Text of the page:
I know some people will assume I’m speaking to some sad fringe here. But I have been amazed at how mainstream these anti-free speech efforts have become. I have been amazed not just because of the immorality of trying to ban free though, free expression, and free assembly, or because these efforts reverse centuries of the assumed work of the left, but because of how easily this could backfire, in a world where our movements against sexism and racism and homophobia are still so fragile and contested. Ten years ago, the Republican party ran on a platform of opposition to gay marriage, and enjoyed enormous electoral success, and yet people trust the majority so deeply that they are willing to hand it the power to ban unpopular speech. My people: we are not nearly so popular or powerful as it can sometimes seem, when we engage with those we agree with online. Sometimes, the people who are arguing against free expression know that; they recount in terrible detail all the ways in which this remains a deeply unjust world. And yet when it comes to these kinds of political debates, they seem to forget, arguing always for a retrenchment back to the already convinced, and responding angrily to the notion that it is our responsibility to argue publicly and effectively for what is right. It’s a central contradiction of this movement, and something I’ll never understand.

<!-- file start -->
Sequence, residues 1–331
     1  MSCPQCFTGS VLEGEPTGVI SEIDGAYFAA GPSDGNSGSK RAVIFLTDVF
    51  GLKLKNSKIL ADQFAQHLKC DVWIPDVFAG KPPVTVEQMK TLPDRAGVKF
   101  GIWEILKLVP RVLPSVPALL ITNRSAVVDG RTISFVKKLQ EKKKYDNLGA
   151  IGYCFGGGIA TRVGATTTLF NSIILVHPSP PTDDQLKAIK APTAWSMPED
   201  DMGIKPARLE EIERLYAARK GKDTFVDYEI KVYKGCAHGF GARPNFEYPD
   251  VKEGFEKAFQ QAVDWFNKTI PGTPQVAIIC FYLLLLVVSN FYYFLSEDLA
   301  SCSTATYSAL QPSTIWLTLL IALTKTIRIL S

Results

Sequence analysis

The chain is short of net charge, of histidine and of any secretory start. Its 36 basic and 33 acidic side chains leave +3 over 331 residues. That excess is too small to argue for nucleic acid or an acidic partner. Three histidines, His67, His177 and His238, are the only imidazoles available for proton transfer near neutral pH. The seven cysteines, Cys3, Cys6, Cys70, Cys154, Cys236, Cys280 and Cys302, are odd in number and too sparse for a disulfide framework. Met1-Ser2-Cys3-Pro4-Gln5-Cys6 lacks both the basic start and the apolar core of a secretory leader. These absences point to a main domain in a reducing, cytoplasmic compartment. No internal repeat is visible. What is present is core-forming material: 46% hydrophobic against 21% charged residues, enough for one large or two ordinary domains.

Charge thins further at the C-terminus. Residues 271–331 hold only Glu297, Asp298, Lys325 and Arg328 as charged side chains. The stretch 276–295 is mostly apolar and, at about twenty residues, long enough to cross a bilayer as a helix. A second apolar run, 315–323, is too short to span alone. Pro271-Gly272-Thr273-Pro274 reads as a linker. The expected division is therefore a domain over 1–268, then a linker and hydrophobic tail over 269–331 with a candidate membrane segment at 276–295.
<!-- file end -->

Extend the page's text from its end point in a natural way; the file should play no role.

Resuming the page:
A right-wing British guy I know explained it as well as I’ve ever heard — whether through a lack of imagination or memory, or just due to impatience, people who advocate such illiberal stances always envision themselves as the ones in power, making the rules. As if on cue, one of Freddie’s commenters offers up a convoluted, weasel-worded attempt to justify the heckler’s veto in a private institutional setting, such as a college campus. According to this special pleading, “members of that institutional community” might have a right to “occupy” that space themselves if they object to the speech being offered. As the aforementioned Tory would sardonically expect, it apparently never occurs to our hero that “members of that institutional community” who don’t agree with the mob consensus even exist, let alone deserve consideration.